Friday, January 13, 2012: 9:00 AM
Burnham (Grand Hyatt Washington)
* noted as presenting author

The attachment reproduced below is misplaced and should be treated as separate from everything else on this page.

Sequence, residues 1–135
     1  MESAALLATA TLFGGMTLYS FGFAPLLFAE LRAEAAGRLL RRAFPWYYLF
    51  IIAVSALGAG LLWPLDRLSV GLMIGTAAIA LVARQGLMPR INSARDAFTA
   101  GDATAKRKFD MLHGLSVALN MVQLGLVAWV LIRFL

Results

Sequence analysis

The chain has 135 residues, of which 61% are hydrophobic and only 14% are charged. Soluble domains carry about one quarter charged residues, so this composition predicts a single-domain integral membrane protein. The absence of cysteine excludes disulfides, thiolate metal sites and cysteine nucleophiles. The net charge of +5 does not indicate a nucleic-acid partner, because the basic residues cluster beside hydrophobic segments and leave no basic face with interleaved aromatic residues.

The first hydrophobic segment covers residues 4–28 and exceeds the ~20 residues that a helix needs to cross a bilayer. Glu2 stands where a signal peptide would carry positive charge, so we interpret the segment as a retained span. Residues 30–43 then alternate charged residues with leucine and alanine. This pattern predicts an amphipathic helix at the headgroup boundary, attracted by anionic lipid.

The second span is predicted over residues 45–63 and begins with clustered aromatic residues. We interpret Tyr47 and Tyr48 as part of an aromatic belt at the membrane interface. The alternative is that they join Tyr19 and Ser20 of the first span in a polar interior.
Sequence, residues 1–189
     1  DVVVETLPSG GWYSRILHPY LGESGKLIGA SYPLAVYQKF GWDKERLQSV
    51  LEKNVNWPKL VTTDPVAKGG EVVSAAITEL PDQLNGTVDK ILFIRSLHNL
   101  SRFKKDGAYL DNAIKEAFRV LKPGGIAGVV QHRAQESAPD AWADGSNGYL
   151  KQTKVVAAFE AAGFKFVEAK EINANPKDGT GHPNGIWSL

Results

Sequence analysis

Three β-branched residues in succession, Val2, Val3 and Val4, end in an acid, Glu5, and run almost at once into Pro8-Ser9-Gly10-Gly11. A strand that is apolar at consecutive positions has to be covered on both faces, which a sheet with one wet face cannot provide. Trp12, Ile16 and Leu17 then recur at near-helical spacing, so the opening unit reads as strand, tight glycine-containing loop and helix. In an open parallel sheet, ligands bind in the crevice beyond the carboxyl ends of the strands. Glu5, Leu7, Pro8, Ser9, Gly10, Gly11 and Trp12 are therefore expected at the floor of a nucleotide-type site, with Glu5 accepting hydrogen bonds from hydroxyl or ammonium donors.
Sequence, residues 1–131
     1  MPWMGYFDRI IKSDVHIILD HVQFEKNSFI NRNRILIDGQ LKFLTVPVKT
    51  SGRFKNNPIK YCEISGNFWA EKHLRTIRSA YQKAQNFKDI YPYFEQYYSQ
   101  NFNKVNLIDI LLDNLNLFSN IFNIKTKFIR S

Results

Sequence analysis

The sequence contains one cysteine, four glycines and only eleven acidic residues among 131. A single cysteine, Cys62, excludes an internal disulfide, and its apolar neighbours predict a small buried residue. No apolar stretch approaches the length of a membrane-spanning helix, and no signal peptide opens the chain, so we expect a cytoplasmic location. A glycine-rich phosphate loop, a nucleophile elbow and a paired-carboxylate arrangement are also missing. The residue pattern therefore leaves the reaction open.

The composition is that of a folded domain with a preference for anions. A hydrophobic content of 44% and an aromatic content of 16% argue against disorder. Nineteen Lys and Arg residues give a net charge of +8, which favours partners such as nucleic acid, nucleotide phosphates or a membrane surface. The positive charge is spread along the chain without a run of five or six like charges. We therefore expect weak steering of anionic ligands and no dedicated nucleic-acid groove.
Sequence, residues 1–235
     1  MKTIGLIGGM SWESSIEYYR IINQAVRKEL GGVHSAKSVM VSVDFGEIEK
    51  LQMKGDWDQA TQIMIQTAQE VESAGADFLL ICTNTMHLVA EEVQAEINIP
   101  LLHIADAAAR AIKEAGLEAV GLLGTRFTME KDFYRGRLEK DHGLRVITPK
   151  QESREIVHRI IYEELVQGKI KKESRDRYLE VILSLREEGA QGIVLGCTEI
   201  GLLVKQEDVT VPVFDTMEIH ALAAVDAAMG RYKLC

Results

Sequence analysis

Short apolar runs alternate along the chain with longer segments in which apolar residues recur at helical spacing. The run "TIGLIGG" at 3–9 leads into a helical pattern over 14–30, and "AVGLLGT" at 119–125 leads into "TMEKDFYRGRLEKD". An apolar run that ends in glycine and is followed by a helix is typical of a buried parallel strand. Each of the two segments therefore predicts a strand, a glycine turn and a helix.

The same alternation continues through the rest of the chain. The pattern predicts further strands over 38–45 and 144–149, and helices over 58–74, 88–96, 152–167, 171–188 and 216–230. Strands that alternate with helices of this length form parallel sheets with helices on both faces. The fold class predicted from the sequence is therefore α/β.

Research on the association between acculturation and various mental health outcomes has been increasing. Of particular relevance for school and family social work are studies that have found that differences between parents' and children's level of acculturation (i.e., intergenerational acculturation discrepancies, or IAD), may negatively influence children's psychological well-being (CPW), but the mechanisms through which IAD operate are not well understood. This study tries to bridge this gap by explicitly examining the indirect effect of IAD on CPW through intergenerational conflict (IC). Two major hypotheses are tested: (i) IC will mediate the effect of IAD on children's depressive symptomatology; (ii) IC will mediate the effect of IAD on children's self-esteem. Finally, the mediating effects are hypothesized to operate similarly for Asian and Hispanic children. Two waves of data from the Children of Immigrants Longitudinal Study (CILS) are used. The original sample (N=5,262) at Wave 1 included mainly second generation children of Hispanic (57.4%) or Asian (31.6%) immigrants. At Wave 2, 4,288 participants were reinterviewed. Standardized instruments are used to measure children's self-esteem (The Rosenberg Self-Esteem Scale) and depression (4 items from the Center for Epidemiologic Studies--Depression Scale) at both waves. IAD is measured by the difference between the children's and parents' preference for American ways at Wave 1. IC, measured by 4 Likert-type scale items about the parent-child conflict (e.g., “My parents and I often argue because we don't share the same goals), is from Wave 2. Multiple regression models are first established to test the direct and indirect effects of IAD on CPW. Wave 1 demographic characteristics (e.g., gender and ethnicity) and migration-related variables (e.g., children's language acculturation and experienced discrimination) are added as covariates to all the models. CPW at Wave 1 is also controlled in models analyzing Wave 2 outcomes. Results show that IAD is significantly associated with IC, which, in turn, significantly relates to depression and self-esteem, respectively, while controlling for IAD. This indicates that there are indirect effects of IAD on depression and self-esteem through IC. To test the significance of indirect effects, a nonparametric bootstrapping procedure (Preacher & Hayes, 2004) is then employed, indicating that the indirect effects are significant for both depression (95% Confidence Interval=(-0.028, -0.010)) and self-esteem (95% Confidence Interval=(0.009, 0.025)). Finally, IC works as a significant mediator for both Asian and Hispanic children; however, separated regression analyses for two populations indicate that IAD is significantly associated with depression for Hispanic (p=.01) but not Asian children. These findings suggest that IC issues may be a more important area of research and intervention than IAD. This is especially true for the Asian second generation children because IAD does not directly predict depression among this population. For children of immigrants in general, culturally responsive educational programs are needed to assist immigrant parents and their children prevent and cope effectively with the stress associated with family intergenerational conflict.
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